Mark Zaveson sent me an e-mail this week that centered on a discussion concerning the Bible and the accuracy of the scriptures. The authorâ€™s intent was to review and promote a book whose author attacked the common historical revisionism that is around concerning Jesus specifically and the Bible in general.
President Bush has said the Shia strain of Islamic radicalism is “just as dangerous, and just as hostile to America, and just as determined to establish its brand of hegemony across the broader Middle East.” And Shia extremists have achieved something al Qaeda has not: in 1979, they took control of a major power, Iran.
The importance of the Iranian revolution is hard to overstate. In the words of the Islamic scholar Bernard Lewis (writing in Foreign Affairs, May/June 2005): “Political Islam first became a major international factor with the Iranian Revolution of 1979. The word ‘revolution’ has been much misused in the Middle East and has served to designate and justify almost any violent transfer of power at the top. But what happened in Iran was a genuine revolution, a major change with a very significant ideological challenge, a shift in the basis of society that had an immense impact on the whole Islamic world, intellectually, morally, and politically. The process that began in Iran in 1979 was a revolution in the same sense as the French and the Russian revolutions were.” (emphasis added)
The taking of American hostages in 1979 made it clear that “Islamism represented for the West an opponent of an entirely different nature than the Soviet Union: an opponent that not only did not accept the system of international relations founded after 1945 but combated it as a ‘Christian-Jewish conspiracy,’” Mr. Kuntzel wrote in Policy Review recently.
Ayatollah Khomeini said in a radio address in November 1979 that the storming of the American embassy represented a “war between Muslims and pagans.” He went on to say this: “The Muslims must rise up in this struggle, which is more a struggle between unbelievers and Islam than one between Iran and America: between all unbelievers and Muslims. The Muslims must rise up and triumph in this struggle.”
A year later, writes Mr. Kuntzel, in a speech in Qom, Khomeini indicated the type of mindset we are facing: “We do not worship Iran, we worship Allah. For patriotism is another name for paganism. I say let this land [Iran] burn. I say let this land go up in smoke, provided Islam emerges triumphant in the rest of the world.”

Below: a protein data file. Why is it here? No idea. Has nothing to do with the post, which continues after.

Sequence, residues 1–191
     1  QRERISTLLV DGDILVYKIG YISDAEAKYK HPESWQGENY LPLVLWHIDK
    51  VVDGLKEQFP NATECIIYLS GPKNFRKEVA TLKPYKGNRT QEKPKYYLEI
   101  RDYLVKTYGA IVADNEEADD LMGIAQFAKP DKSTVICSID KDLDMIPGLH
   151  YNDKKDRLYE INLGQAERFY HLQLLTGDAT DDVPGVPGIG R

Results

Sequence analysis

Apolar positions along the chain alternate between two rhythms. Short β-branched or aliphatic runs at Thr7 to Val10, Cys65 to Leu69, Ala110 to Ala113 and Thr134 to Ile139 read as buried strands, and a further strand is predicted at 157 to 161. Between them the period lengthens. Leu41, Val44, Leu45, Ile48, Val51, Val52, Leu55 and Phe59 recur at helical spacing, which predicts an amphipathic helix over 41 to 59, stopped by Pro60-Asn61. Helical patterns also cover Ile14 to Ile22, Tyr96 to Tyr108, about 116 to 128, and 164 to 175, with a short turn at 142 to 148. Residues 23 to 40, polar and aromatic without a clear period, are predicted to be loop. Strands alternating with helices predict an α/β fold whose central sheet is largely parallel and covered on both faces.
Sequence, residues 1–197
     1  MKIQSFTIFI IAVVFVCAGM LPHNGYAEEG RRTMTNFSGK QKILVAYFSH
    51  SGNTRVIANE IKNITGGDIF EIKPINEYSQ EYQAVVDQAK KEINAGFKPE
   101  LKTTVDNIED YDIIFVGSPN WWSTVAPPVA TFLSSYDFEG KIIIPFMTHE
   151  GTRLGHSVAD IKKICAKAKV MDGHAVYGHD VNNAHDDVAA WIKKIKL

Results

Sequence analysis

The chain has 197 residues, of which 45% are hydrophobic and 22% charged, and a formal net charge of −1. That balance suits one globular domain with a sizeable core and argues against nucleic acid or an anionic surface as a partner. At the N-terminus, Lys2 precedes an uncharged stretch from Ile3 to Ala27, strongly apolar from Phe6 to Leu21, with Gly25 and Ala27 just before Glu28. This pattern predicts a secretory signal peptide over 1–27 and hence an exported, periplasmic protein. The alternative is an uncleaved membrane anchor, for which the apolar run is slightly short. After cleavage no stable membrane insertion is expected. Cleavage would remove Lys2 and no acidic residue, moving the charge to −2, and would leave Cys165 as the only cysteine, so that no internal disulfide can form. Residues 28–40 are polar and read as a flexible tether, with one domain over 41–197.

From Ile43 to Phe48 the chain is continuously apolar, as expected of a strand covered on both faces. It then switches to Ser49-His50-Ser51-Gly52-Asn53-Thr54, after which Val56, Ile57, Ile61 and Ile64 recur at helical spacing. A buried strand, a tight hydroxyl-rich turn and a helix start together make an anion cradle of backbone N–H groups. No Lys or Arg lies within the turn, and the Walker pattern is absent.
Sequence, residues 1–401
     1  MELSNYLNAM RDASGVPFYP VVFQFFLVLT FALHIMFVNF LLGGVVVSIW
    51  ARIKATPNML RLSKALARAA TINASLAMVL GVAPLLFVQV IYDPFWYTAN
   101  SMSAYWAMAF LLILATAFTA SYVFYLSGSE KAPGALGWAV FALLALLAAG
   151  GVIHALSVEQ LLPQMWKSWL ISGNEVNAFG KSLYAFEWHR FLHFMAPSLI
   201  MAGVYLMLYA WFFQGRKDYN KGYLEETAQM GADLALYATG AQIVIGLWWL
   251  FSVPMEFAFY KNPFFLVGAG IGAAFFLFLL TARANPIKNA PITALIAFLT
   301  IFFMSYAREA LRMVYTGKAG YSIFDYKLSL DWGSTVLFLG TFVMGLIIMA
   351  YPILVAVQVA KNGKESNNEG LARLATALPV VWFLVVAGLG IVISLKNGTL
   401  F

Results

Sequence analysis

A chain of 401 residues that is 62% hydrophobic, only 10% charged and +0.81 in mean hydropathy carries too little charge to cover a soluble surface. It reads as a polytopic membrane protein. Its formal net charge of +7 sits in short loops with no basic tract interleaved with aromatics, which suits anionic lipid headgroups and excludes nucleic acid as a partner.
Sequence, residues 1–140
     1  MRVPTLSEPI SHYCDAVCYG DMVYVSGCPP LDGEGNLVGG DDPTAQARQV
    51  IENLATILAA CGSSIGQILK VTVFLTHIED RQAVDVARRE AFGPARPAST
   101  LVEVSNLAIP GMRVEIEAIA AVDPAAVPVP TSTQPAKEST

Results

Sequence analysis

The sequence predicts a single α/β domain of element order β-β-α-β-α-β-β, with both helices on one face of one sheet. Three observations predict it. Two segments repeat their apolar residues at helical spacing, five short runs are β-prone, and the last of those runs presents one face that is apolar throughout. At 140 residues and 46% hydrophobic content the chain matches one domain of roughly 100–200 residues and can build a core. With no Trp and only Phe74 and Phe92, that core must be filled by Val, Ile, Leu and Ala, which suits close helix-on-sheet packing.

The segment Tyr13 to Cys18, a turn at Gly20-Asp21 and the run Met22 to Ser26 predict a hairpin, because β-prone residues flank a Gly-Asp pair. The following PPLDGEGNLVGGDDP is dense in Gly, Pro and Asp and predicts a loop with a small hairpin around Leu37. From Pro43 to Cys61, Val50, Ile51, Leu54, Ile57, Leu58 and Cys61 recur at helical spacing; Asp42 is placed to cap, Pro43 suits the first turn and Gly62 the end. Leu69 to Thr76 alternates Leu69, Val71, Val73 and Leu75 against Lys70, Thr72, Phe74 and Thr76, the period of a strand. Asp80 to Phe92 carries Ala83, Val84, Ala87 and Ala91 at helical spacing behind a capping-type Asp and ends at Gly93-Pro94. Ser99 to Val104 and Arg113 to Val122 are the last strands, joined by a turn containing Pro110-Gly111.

“Whether or not they share Teheran’s Shiite orientation,” Joshua Muravchik and Jeffrey Gedmin wrote in 1997 in Commentary magazine, “the various Islamist movements take inspiration (and in many cases material assistance) from the Islamic Republic of Iran.”
Indeed. As Lawrence Wright points out in his book “The Looming Tower: Al-Qaeda and the Road to 9/11”: “The fact that Khomeini came from the Shiite branch of Islam, rather than the Sunni, which predominates in the Muslim world outside of Iraq and Iran, made him a complicated figure among Sunni radicals. Nonetheless, Zawahiri’s organization, al-Jihad, supported the Iranian revolution with leaflets and cassette tapes urging all Islamic groups in Egypt to follow the Iranian example.”
Today Iran is the most active state sponsor of terrorism in the world. For example, it funds and arms Hezbollah, a Shia terrorist organization which has killed more Americans than any terrorist organization except al Qaeda. Hezbollah was behind the 1983 bombing of the U.S. Marine barracks in Beirut that killed 241 Americans and marked the advent of suicide bombing as a weapon of choice among Islamic radicals.
The leader of Hezbollah, Hassan Nasrallah, has said this: “Let the entire world hear me. Our hostility to the Great Satan [America] is absolute… Regardless of how the world has changed after 11 September, Death to America will remain our reverberating and powerful slogan: Death to America.”
Iran’s president, Mahmoud Ahmadinejad, has also declared his absolute hostility to America. Last October, he said, “whether a world without the United States and Zionism can be achieved… I say that this… goal is achievable.” In 2006 he declared to America and other Western powers: “open your eyes and see the fate of pharaoh… if you do not abandon the path of falsehood… your doomed destiny will be annihilation.” Later he warned, “The anger of Muslims may reach an explosion point soon. If such a day comes [America and the West] should know that the waves of the blast will not remain within the boundaries of our region.”
He also said this: “If you would like to have good relations with the Iranian nation in the future… bow down before the greatness of the Iranian nation and surrender. If you don’t accept [to do this], the Iranian nation will… force you to surrender and bow down.”
In Tehran in December, President Ahmadinejad hosted a conference of Holocaust deniers, and he has repeatedly threatened to wipe Israel off the map. “More than any leading Iranian figure since Ayatollah Khomeini himself,” Vali Nasr has written, “Ahmadinejad appears to take seriously the old revolutionary goal of positioning Iran as the leading country of the entire Muslim world–an ambition that requires focusing on themes (such as hostility to Israel and the West) that tend to bring together Arabs and Iranians, Sunni and Shia, rather than divide them…”